“It was not enough that his teammates give maximum effort on the bike, he also required that they adhere to the doping program outlined for them or be replaced. He was not just a part of the doping culture on his team, he enforced and re-enforced it.” (for more, see pp. 16-87)

The financial records – especially the payments to the good doctor – make me think I went into the wrong business. A million or so Euros? A lazy 25,000 Euros in cash? Give me strength. The emails between Armstrong and Stefano Ferrari (Dr Ferrari’s son) detail the financial transactions, and offer an insight into Armstrong’s attitude to his teammates and rivals and confirm he was in close contact with Dr Ferrari during a period he has previously denied.

It’s easy to make light of some of the ways Armstrong distributed performance enhancing drugs, especially “Motoman” (pp 30-35 of the Reasoned Decision), but the way Lance Armstrong and USPS avoided being caught (pp 129-139) is dark. The scientific data and laboratory tests (pp 139-144), stopped exaggerating the number of doping tests he’s been through, or claim (falsely) that he’s never failed one.

Together, the evidence – which USADA is at pains to stress was not provided by US law enforcement – making a bigger mockery of Phil Liggett’s bizarre old-man rant Skype interview with Ballz Radio and his fellow commentator and Armstrong-booster, Paul Sherwen’s tweet that he was, ‘not sure if (it was) Al Capone or Alien (he was) reading’. I truly hope SBS dumps them both from commentating on cycling next year. Firstly, because we just don’t need them anymore – we have our own talent; secondly, I can’t see either of them admitting they’ve been very wrong, for many years (NB: Liggett has finally tonight said on Australia’s ‘4Corners’ programme that ‘everyone was doing it … so I can’t see how Lance wasn’t doing it’. This investigation is no witch hunt, nor was it a waste of taxpayers’ money, as Armstrong claimed, somewhat despicably in light of the fact that US Postal took tens of millions of American taxpayer dollars in funding.

There are people who, despite all of the evidence presented by USADA, the personal testimonies of 26 people, the emails, the positive samples, the relationship and payments to the disgraced Dr Michele Ferrari, this weekend’s ‘parting of the ways’ between Armstrong’s US Postal Team manager, Johan Bruyneel, and his employer, Radioshack-Nissan Trek (for more on Bruyneel, see pp. 107-115) will continue to support Armstrong. Those people who read his books and are inspired by the ‘Big Texan’. It’s a compelling story – the comeback from cancer and the ‘unparalleled’ record in the grande dame of grand tours. Millions of people around the world to whom Lance remains a hero, the person who drew them into the Euro-centric world of men’s road racing, or insist that it doesn’t matter if he doped because the Lance Armstrong Foundation (or LIVESTRONG) ‘fights cancer’ (for the record, I don’t believe that raising $470 million and spending it largely on awareness campaigns helps ‘fight cancer’). I disagree with those who say you can separate the work of LIVESTRONG from Lance Armstrong. LIVESTRONG would not exist without Lance Armstrong. It may be a false equivalence, but do you think people would give money to the Floyd Landis Foundation? When you are so closely associated with good deeds, does it give you carte blanche to do so much wrong?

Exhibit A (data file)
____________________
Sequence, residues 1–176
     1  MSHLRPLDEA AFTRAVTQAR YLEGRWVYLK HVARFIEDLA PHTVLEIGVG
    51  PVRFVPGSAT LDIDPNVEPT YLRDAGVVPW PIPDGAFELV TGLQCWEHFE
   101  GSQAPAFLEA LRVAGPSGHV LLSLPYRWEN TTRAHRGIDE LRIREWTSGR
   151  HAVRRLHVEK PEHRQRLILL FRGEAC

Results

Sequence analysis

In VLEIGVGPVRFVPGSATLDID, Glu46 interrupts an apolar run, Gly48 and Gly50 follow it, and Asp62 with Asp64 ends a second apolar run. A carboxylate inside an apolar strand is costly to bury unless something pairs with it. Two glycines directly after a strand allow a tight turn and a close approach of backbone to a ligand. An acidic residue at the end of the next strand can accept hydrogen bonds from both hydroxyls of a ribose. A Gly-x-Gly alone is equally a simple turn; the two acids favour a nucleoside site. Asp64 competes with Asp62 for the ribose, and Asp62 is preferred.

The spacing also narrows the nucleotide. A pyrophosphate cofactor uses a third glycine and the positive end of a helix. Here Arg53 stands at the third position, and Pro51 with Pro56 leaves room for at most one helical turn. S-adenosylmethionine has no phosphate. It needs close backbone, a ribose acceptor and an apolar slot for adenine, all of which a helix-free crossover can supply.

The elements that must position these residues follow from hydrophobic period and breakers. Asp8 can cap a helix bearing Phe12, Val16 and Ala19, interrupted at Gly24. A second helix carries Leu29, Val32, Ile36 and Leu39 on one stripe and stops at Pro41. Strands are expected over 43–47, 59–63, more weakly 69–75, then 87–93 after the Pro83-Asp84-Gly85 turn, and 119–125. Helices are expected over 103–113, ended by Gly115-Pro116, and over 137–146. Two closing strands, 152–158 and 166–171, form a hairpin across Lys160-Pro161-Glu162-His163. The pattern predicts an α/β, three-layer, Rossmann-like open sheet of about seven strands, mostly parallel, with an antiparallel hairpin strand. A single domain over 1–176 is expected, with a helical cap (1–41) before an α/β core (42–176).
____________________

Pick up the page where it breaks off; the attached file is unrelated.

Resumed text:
People are flawed. I am a huge hypocrite when it comes to doping in cycling. I love the sport. I still shout my support for many riders who have been caught doping. Unlike some, who demand apologies from dopers, I don’t want them to self-flagellate for my benefit. Anyone who follows my cycling tweets knows I am a huge fan of Alberto Contador. His ‘it was the steak what done it’ excuse for testing positive to clenbuterol may be pathetic, but I’ve never heard him blame anyone – not even the team cook. I like the irrepressible Alexandre ‘Vino’ Vinokourov. I get tingly over ‘Tommeke’ (Tom Boonen). I believe that as the size of the English-speaking contingent in the peloton has increased, a certain amount of prejudice has grown among cycling fans toward non-English speaking dopers, especially those who express no remorse for what they did, such as Alejandro Valverde; that unless you publish mea culpa after mea culpa a la David Millar, you’re forever a filthy drug cheat instead of a reformed drug cheat. Do I think there are riders who continue to dope, teams which find new ways of beating the system? Yes. Do I think there are riders who do it clean? Yes. Are there certain riders I would be devastated to learn had doped? Yes. The rumour mill in the cycling fraternity never stops whirling. Perhaps I would even admire Armstrong if he just copped the ban. I don’t want him to say ‘sorry’. If people want to keep buying plastic wristbands to ‘fight cancer’, in much the same way as you can stop child soldiering by buying a Kony 2012 pack for $39.99, then that’s their call. Just stop bullshit like this:

“To all the cynics, I’m sorry for you … I’m sorry you can’t believe in miracles. This is a great sporting event and hard work wins it.”

The Tour de France is a great sporting event. Hard work wins it; but the only miracle Lance Armstrong was involved with was the one that kept his myth alive for so long.

To bastardise his own words, Armstrong has chosen to descend alone.